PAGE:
The basic concept running through all of it is that in the situation the world is in right now, not in the sense of the immediate political situation but in the sense of the general economic situation and where it's going, to really have a just society we have to resurrect some of the ideas of the Old Left and act on them. But. Not just in our ideology but in how the world is structured massive change has happened in the last fifty years, change that I think the New Left addressed pretty well: move towards a decentralized mode of production being the primary thing. On top of that the New Left, in thinking that Old Left issues regarding class struggle and socialism were over in any conventional sense, came to the service of a lot of ideas, things like women's rights, environmentalism, the rights of racial and ethnic minorities, gay rights, responses to technology and industrialism, decentralization of power, questioning of hierarchy, critique of beaurocracy, that were and are really valuable and necessary for thinking about what makes up a just society. What's needed now is a fusion of both conceptions, the Old Left and the New Left, in ways that take the New Left consciousness and apply it to Old Left issues.

That's the basic thread running through a lot of it, although language like post-modernism is used.

Old Left + New Left, with neither one subsuming the other.

The New Left largely ignored class the Old Left largely ignored all the things the New Left was concerned about.

Friday, August 11, 2006

Thank God---UN Resolution for cease fire passes

The UN Security Council unanimously approved a resolution for a cease fire today. Israel agreed to it and said that they'd address it at the Sunday meeting of the Israeli Cabinet. It calls for Israel to withdraw from southern Lebanon and for a UN peace keeping force of 15,000 troops to be stationed there, eventually to be replaced by the Lebanese army. This is amazingly good. Thank god.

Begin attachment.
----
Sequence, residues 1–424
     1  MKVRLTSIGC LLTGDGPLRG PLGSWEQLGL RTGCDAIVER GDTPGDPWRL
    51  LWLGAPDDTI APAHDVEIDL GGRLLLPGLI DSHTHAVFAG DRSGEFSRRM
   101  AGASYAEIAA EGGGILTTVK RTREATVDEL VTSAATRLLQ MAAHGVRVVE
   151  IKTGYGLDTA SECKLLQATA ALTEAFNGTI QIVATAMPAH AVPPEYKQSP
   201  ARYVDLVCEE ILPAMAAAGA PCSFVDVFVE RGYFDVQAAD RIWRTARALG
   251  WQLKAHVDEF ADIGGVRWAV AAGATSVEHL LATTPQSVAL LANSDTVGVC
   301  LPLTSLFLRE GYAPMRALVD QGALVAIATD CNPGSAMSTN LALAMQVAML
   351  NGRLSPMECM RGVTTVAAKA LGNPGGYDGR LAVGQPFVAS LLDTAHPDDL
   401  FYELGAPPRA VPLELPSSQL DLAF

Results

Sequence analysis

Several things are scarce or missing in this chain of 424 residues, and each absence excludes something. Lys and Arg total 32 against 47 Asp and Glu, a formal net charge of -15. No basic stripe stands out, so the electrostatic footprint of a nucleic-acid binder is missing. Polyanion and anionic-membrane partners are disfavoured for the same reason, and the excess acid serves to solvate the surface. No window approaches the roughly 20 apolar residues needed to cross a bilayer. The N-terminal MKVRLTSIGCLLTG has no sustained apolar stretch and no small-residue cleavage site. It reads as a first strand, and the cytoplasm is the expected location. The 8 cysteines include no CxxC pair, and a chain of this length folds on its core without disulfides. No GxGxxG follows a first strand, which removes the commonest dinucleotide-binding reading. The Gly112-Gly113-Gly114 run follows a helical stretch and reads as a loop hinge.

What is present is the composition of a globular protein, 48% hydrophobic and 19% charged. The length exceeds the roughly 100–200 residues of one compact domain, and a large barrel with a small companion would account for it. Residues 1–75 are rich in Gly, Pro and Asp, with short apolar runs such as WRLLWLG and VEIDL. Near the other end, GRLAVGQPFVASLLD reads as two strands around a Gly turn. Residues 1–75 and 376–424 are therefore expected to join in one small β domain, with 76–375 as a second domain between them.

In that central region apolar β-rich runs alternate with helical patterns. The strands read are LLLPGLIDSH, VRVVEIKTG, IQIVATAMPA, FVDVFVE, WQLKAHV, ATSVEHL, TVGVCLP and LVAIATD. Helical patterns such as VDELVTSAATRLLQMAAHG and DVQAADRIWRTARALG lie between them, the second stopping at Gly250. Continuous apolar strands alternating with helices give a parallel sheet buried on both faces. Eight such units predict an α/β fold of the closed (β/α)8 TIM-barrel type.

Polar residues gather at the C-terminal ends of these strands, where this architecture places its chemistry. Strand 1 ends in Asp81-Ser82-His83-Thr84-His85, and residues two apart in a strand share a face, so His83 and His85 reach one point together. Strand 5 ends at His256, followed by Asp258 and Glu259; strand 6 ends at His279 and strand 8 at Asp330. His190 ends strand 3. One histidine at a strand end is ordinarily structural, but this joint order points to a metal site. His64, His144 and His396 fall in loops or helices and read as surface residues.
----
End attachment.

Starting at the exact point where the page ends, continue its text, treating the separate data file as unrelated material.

The particulars of the resolution and how it passed are interesting and indicative: it was a joint resolution between France, Lebanon's former colonial master that still has significant interests in Lebanon, and the U.S., with Condoleeza Rice's faction winning the battle against Bush, who reports say clashed with Rice over the issue of addressing Lebanon.

France's action is extremely significant because it speaks for the EU position as a whole. By supporting a robust UN resolution France has signalled that it, and the EU by extension, isn't interested in a devolution of international affairs that could lead to some inter-bloc conflict, probably in this case between the U.S., and affiliated countries, and countries that have taken the back of Iran, for instance Russia. The threat of Iranian war is still there but this particular powder keg has been defused.

Instead, the EU voted for stability, and that's a good thing, as Martha Stewart says.

Additionally the terms of the resolution were positive--the UN force that'll come in won't be a separate entity specially created for the purpose but will build on the UN presence in Lebanon that has been there for decades. This is signifcant because there would be the threat that a new UN force would become politicized by the U.S. and either become the tool of the U.S. or lead to a direct intervention by the U.S. over and above the UN function, as happened in the former Yugoslavia and Somalia. Having something that's meant to be neutral susceptable to the manipulations of a major country's foreign policy is not a good idea and the righteousness of the underlying cause doesn't change this.